UBC Theses and Dissertations
Optimization of a grid-tied inverter : an application-oriented for designing multilevel converters Di Tullio, Luccas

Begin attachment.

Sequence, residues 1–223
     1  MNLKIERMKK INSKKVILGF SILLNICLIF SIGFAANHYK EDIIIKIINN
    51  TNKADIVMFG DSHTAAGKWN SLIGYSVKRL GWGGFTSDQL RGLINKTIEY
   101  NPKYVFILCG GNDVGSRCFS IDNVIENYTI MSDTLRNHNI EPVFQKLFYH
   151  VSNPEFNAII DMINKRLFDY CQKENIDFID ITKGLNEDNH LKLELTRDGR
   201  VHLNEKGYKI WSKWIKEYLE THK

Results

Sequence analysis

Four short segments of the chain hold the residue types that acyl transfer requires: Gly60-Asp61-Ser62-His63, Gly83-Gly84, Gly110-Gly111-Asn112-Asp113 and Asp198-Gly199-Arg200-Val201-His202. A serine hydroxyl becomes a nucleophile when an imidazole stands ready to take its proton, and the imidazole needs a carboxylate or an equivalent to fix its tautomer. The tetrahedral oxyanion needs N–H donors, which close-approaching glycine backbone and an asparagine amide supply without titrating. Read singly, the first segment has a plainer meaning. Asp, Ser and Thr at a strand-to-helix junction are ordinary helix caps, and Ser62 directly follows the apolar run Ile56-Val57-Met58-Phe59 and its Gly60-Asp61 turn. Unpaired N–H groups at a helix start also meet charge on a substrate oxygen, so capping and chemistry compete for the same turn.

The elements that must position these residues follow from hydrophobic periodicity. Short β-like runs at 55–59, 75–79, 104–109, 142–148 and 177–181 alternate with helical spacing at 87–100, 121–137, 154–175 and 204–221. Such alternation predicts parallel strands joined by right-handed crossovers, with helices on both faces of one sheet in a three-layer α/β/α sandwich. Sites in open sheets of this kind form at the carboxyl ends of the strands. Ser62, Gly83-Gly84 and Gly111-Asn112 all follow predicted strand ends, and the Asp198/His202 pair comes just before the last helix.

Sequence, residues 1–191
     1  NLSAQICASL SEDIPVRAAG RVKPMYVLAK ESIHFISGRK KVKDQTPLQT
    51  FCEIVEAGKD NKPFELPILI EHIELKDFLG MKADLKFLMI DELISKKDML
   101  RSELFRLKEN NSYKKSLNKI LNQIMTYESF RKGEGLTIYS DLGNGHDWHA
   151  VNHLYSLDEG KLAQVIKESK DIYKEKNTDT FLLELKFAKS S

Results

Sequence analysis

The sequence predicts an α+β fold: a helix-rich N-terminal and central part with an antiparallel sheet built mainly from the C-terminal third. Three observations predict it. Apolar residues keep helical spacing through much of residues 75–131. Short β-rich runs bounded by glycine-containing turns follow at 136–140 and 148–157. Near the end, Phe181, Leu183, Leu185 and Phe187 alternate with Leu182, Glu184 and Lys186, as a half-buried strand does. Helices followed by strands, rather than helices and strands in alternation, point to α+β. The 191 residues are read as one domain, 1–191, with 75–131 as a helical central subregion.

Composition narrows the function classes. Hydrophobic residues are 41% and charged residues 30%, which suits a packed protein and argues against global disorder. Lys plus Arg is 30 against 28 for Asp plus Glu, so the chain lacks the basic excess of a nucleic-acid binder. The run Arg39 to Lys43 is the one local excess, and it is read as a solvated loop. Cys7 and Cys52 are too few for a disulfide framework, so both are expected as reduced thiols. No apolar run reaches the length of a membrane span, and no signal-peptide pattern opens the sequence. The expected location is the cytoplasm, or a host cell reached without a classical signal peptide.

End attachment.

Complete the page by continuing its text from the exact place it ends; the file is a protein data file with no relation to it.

Recent developments in energy systems, including the rapid adoption of renewable energy sources and expansion of microgrids have been introducing new challenges and opportunities for the power electronics industry. Of particular interest to this thesis is the increase of grid-connected DC systems. As a means to reduce cost of copper infrastructure these systems favour the utilization of higher DC link voltages. To accommodate higher voltages, a variety of multilevel converters have been proposed, which generally can be built without specialized components, present lower dV/dt losses and synthesize AC signals with better power quality. Irrespective of the application, the power electronics industry has traditionally relied on generic rules and practices to quickly design converters. Rarely does the development cycle allow for thorough investigation of the converter design, which could enhance performance and give an edge over competitors. This thesis proposes using optimization techniques to aid power electronics engineers in the design of multilevel converters. The Neutral Point Clamped (NPC) with its variant the Active NPC (ANPC) were selected for the exercise presented. Chapter 2 of this thesis explains the operation and modulation of the topologies. From the analysis, the conduction and switching losses of each device can be predicted. A description of three semiconductor technologies is presented with their characteristics and source of losses. Lastly an equation to size the filter inductor is introduced. All this information is packaged into a model used in the optimization. Chapter 3 introduces the optimization strategy. Given the complex nature of power electronics, four objective functions were adopted: efficiency, loss distribution, inductance and cost. These functions were combined through a weight system which allows priorities to be asserted. Next, design variables are introduced along with their respective impacts on the objective functions. Experiments performed with a hardware platform showed the model closely predicts the impact of the design variables on the objective functions. Confident in the model, the optimization was carried out for various scenarios. Single objective optimization led to converters that excel in one aspect but were often not practical. When optimizing with multiple objectives a good compromise was reached with a practical converter.
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